Legendary Arab poet Antara rises as comic book superhero

The story cuts across class and race lines, says writer In a red cape, dark hair blowing in the wind, he crosses the dunes under a blazing sun: Antara, the famed 6th century Arab poet born a slave, is now a superhero. A pre-Islamic poet, Antara is celebrated in the collective memory of Arabs as well as in pop culture — a child born to a tribal leader and his Abyssinian slave who rose as a warrior-poet to free himself and demand his father recognise him as his son, and a free man. Now, he stars in his own comic strip, re-imagined as a shield-wielding, cape-wearing superhero by Egyptian writer Mumen Hilmi and renowned Indian illustrator Ashraf Ghuri. The story of Antara breaks across the class and race lines that frequently dominate society, the “perfect example of what it means to be a superhero,” Mr. Hilmi says. “Arabs like the exaggerated personality traits of heroes, and we thought why not transform Antara into a superhero like those you see in the U.S., Europe, Japan.” Antara is the first comic strip to be published by Kalimat, a publishing house based in the UAE emirate of Sharjah which specialises in Arabic translations of Japanese manga and U.S. cartoonist Nick Seluk’s series, The Awkward Yeti and Heart and Brain . The story weaves a tale of bravery, slavery, freedom, loyalty and love — and co-stars his beloved Abla, daughter of a tribal sheikh and object of Antara’s undying affection. Antara has served as the inspiration for artists and musicians around the world, with 19th century Russian composer Nikolai Rimsky-Korsakov dedicating a symphony in four movements to his story. Universal appeal The creators of the Antara comic strip believe the legend will resonate with modern audiences both within the Arab world and across the globe. “This story has universal appeal,” said Mr. Hilmi, particularly as it deals with racism. “We incorporated illustrations of what we imagined to be Antara’s childhood, when he first faced discrimination and mistreatment at the hands of his peers and his father.” Antara casts off the shackles of his early life to rise as a warrior and claim his rightful place as the son of Shaddad, leader of the Banu Abs tribe. But the facts of Antara’s life remain unclear: one tale holds that Antara ibn Shaddad al-Absi was born to an Ethiopian princess; another more popular tale holds that he was born to a dark-skinned Abyssinian slave. The comic strip narrates “the beginning of his life as a slave, mistreated by his tribe because of the colour of his skin and the status of his mother, to become a hero on the frontline,” Mr. Hilmi says.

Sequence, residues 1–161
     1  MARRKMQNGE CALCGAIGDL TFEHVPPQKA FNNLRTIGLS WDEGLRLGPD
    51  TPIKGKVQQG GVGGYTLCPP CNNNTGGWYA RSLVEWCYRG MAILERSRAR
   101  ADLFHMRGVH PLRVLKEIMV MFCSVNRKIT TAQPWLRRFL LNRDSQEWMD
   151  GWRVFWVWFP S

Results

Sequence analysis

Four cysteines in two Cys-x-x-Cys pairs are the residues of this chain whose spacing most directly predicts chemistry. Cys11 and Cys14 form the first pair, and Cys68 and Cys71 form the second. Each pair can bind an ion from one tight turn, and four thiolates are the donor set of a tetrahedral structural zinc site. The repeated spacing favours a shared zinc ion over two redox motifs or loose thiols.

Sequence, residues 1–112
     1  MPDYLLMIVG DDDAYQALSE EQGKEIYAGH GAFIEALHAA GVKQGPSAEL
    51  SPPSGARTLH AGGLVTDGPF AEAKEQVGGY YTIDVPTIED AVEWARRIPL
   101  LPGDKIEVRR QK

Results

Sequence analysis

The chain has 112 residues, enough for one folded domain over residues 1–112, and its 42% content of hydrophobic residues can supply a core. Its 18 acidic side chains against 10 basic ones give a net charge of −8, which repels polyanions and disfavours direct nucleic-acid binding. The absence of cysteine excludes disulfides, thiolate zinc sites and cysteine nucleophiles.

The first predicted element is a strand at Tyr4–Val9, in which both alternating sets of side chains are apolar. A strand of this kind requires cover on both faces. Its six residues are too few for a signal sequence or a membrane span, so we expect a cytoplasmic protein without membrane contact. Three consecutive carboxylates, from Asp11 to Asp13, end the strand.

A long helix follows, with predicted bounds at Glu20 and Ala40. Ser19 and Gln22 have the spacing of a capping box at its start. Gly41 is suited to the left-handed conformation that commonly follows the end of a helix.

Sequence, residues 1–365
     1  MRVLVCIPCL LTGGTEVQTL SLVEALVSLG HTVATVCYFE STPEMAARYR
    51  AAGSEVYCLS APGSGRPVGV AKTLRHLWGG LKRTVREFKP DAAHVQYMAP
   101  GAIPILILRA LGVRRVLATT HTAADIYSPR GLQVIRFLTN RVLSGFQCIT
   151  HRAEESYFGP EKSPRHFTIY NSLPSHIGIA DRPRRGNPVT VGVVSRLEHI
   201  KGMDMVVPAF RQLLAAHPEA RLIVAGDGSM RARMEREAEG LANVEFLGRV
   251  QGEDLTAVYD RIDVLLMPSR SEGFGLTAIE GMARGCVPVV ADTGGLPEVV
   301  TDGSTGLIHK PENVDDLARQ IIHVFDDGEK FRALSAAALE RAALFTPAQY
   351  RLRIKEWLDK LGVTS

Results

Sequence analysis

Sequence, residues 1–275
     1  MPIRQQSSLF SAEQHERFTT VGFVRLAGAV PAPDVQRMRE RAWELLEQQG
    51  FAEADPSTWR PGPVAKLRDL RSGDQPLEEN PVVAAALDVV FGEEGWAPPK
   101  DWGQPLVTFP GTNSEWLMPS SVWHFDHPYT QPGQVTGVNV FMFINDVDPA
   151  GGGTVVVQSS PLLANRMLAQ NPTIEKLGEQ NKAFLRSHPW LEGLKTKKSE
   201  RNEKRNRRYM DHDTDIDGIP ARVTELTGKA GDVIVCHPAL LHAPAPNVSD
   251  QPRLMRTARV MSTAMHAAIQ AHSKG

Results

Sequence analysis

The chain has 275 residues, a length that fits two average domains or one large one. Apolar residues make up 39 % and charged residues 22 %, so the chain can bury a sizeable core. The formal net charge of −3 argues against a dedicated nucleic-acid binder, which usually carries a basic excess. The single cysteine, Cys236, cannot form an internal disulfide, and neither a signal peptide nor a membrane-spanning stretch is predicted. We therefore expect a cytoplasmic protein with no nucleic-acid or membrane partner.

Source  :  https://www.thehindu.com/todays-paper/tp-life/legendary-arab-poet-antara-rises-as-comic-book-superhero/article25174006.ece

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